Other instances of Queerbaiting in music as told by Rolling Stone include occurrences in 2018, 2019 and 2021. As reported by Rolling Stone, Ariana Grande, Rita Ora and Lil Nas X were regarded as perpetrators of Queerbaiting. The media house said, “similar accusations were drawn towards Ora after she released her song “Girls” with Cardi B, Bebe Rexha, and Charli XCX as Perry finally admitted her song “I Kissed a Girl” is problematic. Ora sang lyrics about how she was “open-minded” before going into a chorus which talks about drinking red wine and kissing girls. It not only upset fans but other musicians as well like Hayley Kiyoko and Kehlani — who called the lyrics harmful. Ora later apologized and revealed she had relationships with men and women. Grande’s song, Monopoly, which featured her close friend/co-writer Victoria Monet — was a topic of conversation in 2019 after singing the line: “I like women and men.” Social media users claimed this was queerbaiting, but she later responded on Twitter saying she “doesn’t feel the need to” label herself. Many cultural moments that were seen as boundary-pushing at the time are now being re-examined as actual queer representation is being presented on screen. Rapper Lil Nas X took the BET Awards stage in June 2021 and kissed one of his backup dancers. The stunt immediately drew comparisons to Madonna’s 2003 VMA kiss with Britney Spears and Christina Aguilera.

 

Madonna later posted a collage of Lil Nas X’s kiss and her infamous kiss on her Instagram story with text that said, “#DidItFirst.” She was immediately called out by fashion watchdog account Diet Prada, who said that her kiss was “hardly as revolutionary as Black queer men doing so.” They continued, “White [cisgender] [heterosexual] people have always been given the space to do whatever they please… including, but not limited to queerbaiting.”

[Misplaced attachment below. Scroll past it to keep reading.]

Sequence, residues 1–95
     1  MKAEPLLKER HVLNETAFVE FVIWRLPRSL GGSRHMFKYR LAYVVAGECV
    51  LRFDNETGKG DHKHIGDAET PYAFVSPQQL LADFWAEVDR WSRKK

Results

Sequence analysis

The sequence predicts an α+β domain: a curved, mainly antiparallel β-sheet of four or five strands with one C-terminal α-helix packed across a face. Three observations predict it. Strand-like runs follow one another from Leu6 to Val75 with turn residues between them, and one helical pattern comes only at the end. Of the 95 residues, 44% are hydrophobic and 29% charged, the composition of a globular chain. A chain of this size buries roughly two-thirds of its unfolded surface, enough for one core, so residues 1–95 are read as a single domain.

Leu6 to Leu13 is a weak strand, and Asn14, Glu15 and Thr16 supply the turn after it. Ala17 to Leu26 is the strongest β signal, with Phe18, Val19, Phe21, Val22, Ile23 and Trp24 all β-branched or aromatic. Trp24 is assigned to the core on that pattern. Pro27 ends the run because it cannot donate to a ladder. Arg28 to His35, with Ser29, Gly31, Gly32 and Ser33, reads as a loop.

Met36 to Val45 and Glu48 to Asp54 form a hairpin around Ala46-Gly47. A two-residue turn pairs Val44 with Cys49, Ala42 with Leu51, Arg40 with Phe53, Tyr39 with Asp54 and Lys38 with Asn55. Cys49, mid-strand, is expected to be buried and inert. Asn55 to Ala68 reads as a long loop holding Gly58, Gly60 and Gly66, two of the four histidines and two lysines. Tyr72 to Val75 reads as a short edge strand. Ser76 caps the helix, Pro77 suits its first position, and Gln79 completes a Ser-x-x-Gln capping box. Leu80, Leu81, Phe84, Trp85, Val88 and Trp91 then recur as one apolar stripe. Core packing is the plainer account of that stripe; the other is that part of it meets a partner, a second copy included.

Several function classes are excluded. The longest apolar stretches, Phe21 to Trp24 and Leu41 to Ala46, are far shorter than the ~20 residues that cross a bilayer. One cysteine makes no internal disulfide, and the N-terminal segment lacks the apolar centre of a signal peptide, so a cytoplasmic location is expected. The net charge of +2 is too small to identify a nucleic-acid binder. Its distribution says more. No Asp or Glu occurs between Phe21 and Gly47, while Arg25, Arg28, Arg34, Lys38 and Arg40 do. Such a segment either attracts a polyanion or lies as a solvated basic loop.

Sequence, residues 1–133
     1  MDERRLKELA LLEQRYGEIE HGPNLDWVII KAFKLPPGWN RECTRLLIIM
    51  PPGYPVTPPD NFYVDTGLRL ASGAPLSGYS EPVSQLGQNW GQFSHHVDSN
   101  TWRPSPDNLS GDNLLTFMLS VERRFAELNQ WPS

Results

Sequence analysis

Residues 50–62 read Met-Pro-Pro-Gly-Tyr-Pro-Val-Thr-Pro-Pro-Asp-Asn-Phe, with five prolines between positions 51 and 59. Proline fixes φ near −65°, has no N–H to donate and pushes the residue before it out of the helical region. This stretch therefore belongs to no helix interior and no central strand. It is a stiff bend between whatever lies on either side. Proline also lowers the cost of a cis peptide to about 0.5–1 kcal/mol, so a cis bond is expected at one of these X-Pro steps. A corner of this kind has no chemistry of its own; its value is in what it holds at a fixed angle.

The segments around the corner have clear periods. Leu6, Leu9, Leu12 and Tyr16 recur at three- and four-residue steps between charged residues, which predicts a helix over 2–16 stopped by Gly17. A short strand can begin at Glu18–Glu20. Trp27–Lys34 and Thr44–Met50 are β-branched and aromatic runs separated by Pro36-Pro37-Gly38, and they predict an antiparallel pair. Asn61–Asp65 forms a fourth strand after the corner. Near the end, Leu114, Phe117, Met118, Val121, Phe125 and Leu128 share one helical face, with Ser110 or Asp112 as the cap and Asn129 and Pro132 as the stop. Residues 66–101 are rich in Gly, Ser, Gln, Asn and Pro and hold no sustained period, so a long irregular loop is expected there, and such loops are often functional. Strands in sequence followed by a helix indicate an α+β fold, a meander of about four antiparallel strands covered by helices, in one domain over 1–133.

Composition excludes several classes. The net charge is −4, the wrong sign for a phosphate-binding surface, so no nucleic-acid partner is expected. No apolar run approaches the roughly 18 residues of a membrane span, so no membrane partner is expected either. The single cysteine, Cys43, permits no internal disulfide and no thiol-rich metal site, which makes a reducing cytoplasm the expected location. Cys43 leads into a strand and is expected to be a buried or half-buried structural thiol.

Even Ariana Grande’s break up with your girlfriend, got its fair share of pointed fingers as fans were quick to feel Queerbaited as Ariana doesn’t identify as queer. Then there are the 2019 Grammys where St. Vincent who is openly queer performed with Dua Lipa for their respective singles “Masseducation” and “One Kiss”. Their performance was on the touchy, flirty side despite Dua Lipa not being queer. Then in 2014, Rihanna and Shakira released the music video for “Can’t Remember to Forget You,”.  In The Guardian, Bella Qvist about it wrote, “What gets to me most, however, is the bit where Rihanna and Shakira sing ‘I’d do anything for that boy’ while touching each other’s naked skin,” she wrote. “While onscreen their use of lesbianism appears to be a way of increasing viewer interest (this is of course one of the oldest tricks in the book, think taTu), backstage they both speak openly about how they’re sucking their stomachs in trying to out-sex each other.” 

 

These are by no means all the instances of Queerbaiting in the media. Recognized by the Oxford English Dictionary in 2021, Queerbaiting has been used in the cultural lexicon for decades. According to Julia Himberg, director and associate professor of Film and Media Studies at Arizona State University, the origins can be traced back to the early days of the internet when there was less explicit LGBT+ representation in media on fan blogs and internet forums. In music, it’s flirting with a queer person or someone pretending to be queer just for the camera with the logic that sex sells, yes, but same-sex visuals sell more. You know what they say, any press is good press, and this, queerbaiting, if done right, has the power to insanely line one’s pocket because of the thing that is like the drug of choice of the famous in the entertainment industry: Attention.  In the words of Qvist regarding musicians using same-sex instances in videos: Is this being done to give queer people a platform and to advance their stories and art, or simply to get video views or spark curiosity?